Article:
Wednesday, 19 December 2007

Pleasant Surprise

Over the last year, I have stated a few times that modern dance music is suffering from a lack of decent songs, and singers too. So it is very nice to hear something like "Anthem" by Filo and Peri, with singer Eric Lumiere. The only problem I have with this song is that the vocals have been treated too heavily by the producers, which is a common problem in electronic music. It would be better to let the singer's voice stand without too much interference from electronics. Apart from that, I really like the lyrics and music of this song.

See the video and hear the remixes at this link: http://www.positivarecords.com/filoandperi/

Sunday, 16 December 2007

Imitation

I mentioned a mash-up of two songs in yesterday's entry. This phenomenon, increasingly popular in the last seven years, is often criticised for not actually bringing anything new to the songs in question. This is entirely true, but usually no-one makes any claims that they are being highly original when they make something like that. I think that some mash-ups can be very interesting, and sometimes even fun, if the two tracks are chosen correctly and mixed well. It is really an extension of the role of the disc jockey, not an attempt to usurp the original artist.

However, blatant copying of other artists is not so fun, and in fact is extremely frustrating. One song in particular has suffered from extensive borrowing since its release; "Blue Monday", by one of my favourite bands, New Order. I'm quite happy with Orgy's cover version, but the poorly-disguised rip-offs by Rihanna ("Shut up and drive") and M.I.A. ("20 dollar") do no justice to the original. Even worse, there appears to be no acknowledgement of the influence of the New Order song on the creators of those two songs, which shows no respect for such an important milestone in electronic music.

I have to get back to my work now; I just felt like a little diversion as soon as I heard the song by the so-called artist M.I.A.

Saturday, 15 December 2007

Supplement

I think that this weblog is in serious need of some attention, and would benefit from actual enthusiasm being put into the posts here. I shall be making a serious attempt to do this, and you can believe me this time, because I have a lot that I want to write down now. Also, the name will be changed soon. I do still like the song, but apart from the fact that it attracts people looking for lyrics here, it just does not seem right to have those words at the head of what is quite a solitary weblog.

I am preparing to write a little bit more about Chicane, who I mentioned in my last entry as I had just bought all three of his albums. In the meantime, I will leave a link to a video "mash-up" of the music video to the Chicane song "Saltwater" (itself a remake of a piece by Clannad) and the video for Natasha Bedingfield's song "I Bruise Easily". I had never heard the latter song until I saw this video, and I am quite surprised at how much I like it, as Bedingfield's previous singles were quite annoying and seemed to be fairly unimaginative by comparison. That is in my opinion, of course: the British chart performance of "I Bruise Easily" was worse than that of her dull "Single" and excruciating "These Words". Nevertheless, I really like this song now, and the song could almost have been written with the music for "Saltwater" in mind, as unlike many mash-ups, the mood of the two pieces match perfectly. Follow this to see it on YouTube: "Natasha Bedingfield Vs Chicane - Bruised Water".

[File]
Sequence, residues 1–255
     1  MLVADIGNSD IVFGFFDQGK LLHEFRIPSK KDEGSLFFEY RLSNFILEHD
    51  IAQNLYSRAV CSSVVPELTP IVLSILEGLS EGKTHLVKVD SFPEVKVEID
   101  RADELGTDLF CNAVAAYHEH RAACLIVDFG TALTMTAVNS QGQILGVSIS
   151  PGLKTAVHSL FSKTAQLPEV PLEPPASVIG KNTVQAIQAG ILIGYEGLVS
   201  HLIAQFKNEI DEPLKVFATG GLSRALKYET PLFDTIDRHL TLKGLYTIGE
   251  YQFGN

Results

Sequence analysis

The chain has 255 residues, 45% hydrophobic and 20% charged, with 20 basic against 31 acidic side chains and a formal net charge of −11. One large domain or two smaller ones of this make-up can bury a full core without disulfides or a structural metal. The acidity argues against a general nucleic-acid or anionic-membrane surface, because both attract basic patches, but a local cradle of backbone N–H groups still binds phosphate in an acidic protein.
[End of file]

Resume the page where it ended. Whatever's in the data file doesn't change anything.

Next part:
Friday, 7 December 2007

Re-acquisition

I have now started to replace my collection of music CDs, starting with some of my favourite electronic albums from when I first got into dance music. This begins with two compilations, one of which I have been told by friends is one of the most consistently good collections of trance they have listened to, and I have mentioned previously (here is a link): it is 2000's Ibiza Euphoria compilation. I'm glad to have this back again, as I cannot imagine that my listening tastes would have developed in the same way without it. It is also my preferred collection for playing while doing a fairly intense piece of revision or coursework, and I would not want to do any serious studying without some trance in the background, so I had to get it back. I have also re-purchased the sequel from 2001; this was mixed by Dave Pearce and is not as good, but is still far more impressive than the other electronic compilations I've heard since.

As for proper albums, I have replaced Chicane's first two CDs, Far from the Maddening Crowds and Behind the Sun, while also buying his latest, Somersault. The former two were the first artist albums based entirely around dance and electronic music I owned, and I could not do without them either. I have once again had to search carefully for the various versions of BT's first three albums: I prefer the American version of Ima, British of Escm, and a rare special edition of Movement in Still Life and needed to use eBay and Amazon's US sites the first time round. These are equally important, and are particularly good at taking me back into my memories of the summers I enjoyed between 2001 and 2004.

Next I will have to start on the albums by Queen, Faithless and Kosheen, which are my favourite 'proper' bands, if there is such a thing. Then I'll have to go to the earliest music I liked; Michael Jackson, Madonna, and Erasure. Without all these my collection has none of its best songs, so all are essential.

I think that I probably indulge my nostalgia too much for a young man, but I do not care. I was highly annoyed at having these foci for my memories taken away, and will remain displeased until they're all mine again. I will probably mention all of the above artists again soon, to reveal why I like them all so much in more detail. Otherwise, this weblog may remain fairly barren for now.